Best Months To See Florida Animals and Wildlife

Best Months for
Florida Wildlife Viewing

The natural world runs
on an ancient seasonal calendar





Florida Everglades


Florida Wildlife Viewing is Good All Year

Something is out of kilter in a world where children's petting zoos become popular mini-theme parks. For many children, a petting zoo is their first exposure to animals other than their own pets.

Probably most children have never touched a cow, seen a pig or fed a chicken. What an illustration of just how divorced we have become from the natural world around us.

Indeed, all of us tend to be dominated by man-made artificial time, a world in which clocks and calendars determine out schedules even as they obscure the deeper rhythms of days and seasons.

It is a wonderful thing to rediscover these more fundamental cycles, to enter and observe a world not dictated by wristwatches but by such things as temperature and the length of the day.

In Florida, nature reveals herself throughout the year in an astonishing variety of guises, all delicately in time with the seasons. (See Wildlife Hotspots by month)

For instance, every October, thousands of monarch butterflies gather at St. Marks National Wildlife Refuge as they pause on their marathon journey to winter in the high forests outside of Mexico City.

Every winter, at Crystal River National Wildlife Refuge, Blue Spring State Park and select other locations, hundreds of endangered manatees congregate in the clear spring waters to escape the potentially deadly cold ocean temperatures.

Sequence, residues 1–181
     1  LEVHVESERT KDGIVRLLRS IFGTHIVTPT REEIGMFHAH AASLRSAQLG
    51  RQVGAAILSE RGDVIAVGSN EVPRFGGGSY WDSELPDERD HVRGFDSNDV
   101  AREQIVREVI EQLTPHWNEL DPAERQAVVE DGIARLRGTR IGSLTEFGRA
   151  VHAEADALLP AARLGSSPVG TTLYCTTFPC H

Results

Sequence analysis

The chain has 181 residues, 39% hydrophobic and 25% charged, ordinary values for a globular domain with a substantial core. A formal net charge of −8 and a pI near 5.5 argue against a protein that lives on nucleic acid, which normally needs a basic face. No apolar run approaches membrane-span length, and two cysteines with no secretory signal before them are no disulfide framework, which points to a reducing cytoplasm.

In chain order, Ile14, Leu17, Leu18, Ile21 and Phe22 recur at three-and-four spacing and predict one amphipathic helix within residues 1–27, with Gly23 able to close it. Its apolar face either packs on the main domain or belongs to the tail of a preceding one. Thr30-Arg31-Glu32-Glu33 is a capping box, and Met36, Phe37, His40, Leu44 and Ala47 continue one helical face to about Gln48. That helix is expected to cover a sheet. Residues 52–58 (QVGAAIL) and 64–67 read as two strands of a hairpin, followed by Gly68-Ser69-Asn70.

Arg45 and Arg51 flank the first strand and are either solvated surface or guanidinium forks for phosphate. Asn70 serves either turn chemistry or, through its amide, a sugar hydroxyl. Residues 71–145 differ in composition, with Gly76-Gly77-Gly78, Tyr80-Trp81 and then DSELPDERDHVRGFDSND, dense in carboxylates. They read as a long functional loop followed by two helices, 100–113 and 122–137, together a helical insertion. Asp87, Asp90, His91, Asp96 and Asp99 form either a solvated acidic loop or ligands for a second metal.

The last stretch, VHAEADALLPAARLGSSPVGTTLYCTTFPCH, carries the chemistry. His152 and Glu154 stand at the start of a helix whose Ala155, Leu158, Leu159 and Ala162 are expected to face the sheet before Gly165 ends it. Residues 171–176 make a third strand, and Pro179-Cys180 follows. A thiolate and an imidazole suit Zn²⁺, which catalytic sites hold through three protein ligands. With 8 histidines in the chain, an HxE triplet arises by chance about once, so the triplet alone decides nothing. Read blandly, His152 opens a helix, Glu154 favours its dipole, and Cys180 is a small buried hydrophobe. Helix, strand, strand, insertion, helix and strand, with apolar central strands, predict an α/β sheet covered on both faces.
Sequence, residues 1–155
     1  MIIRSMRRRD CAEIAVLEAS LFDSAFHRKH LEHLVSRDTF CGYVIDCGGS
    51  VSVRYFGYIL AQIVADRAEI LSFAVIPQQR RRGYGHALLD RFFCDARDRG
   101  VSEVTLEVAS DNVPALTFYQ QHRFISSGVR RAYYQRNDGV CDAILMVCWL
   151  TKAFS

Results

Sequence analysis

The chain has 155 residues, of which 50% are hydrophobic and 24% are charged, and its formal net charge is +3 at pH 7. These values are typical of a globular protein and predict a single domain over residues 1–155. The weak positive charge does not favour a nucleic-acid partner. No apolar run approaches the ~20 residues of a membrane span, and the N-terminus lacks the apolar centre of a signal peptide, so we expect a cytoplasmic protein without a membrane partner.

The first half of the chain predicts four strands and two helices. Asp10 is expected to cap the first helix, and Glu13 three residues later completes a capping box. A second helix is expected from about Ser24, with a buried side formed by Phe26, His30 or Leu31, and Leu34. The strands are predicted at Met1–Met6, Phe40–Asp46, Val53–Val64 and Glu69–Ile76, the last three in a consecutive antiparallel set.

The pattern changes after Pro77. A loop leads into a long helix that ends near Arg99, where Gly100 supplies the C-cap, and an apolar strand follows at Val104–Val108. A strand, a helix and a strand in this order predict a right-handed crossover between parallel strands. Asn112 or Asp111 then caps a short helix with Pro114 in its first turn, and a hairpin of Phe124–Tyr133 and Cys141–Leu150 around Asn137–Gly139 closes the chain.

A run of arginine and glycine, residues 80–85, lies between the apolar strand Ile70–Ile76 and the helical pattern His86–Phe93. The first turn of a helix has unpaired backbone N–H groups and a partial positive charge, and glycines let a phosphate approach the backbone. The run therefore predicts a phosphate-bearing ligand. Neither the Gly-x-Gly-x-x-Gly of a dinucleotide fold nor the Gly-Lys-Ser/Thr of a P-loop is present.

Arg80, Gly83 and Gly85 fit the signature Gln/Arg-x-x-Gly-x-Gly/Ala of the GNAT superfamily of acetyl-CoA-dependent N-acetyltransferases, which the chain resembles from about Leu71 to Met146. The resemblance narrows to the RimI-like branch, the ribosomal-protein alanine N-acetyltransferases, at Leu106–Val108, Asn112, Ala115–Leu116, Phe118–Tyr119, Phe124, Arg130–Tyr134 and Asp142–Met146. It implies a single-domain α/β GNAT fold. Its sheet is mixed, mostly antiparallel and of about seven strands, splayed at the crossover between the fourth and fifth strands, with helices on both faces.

In spring, at Everglades National Park, thousands of herons, ibis and egrets cluster on the mangrove trees to create one of the most spectacular nesting sights anywhere: branches covered by the white feathers of so many birds the trees are draped in down.

At Canaveral National Seashore and all along the Florida east coast, the world's largest nesting population of loggerhead sea turtles crawl ashore from May to August to dig their nests and lay their eggs in the sand above the high waterline.

The real world unfolds in its own time. To appreciate nature, one must understand--and respect--its pace.

One thing is certain: the natural world is not going to change to accommodate an individual's weekends and vacation schedule. We must match our wildlife viewing schedules to what is going on in nature and frequently make adjustments.

To Florida Wildlife Hotspots Month by Month

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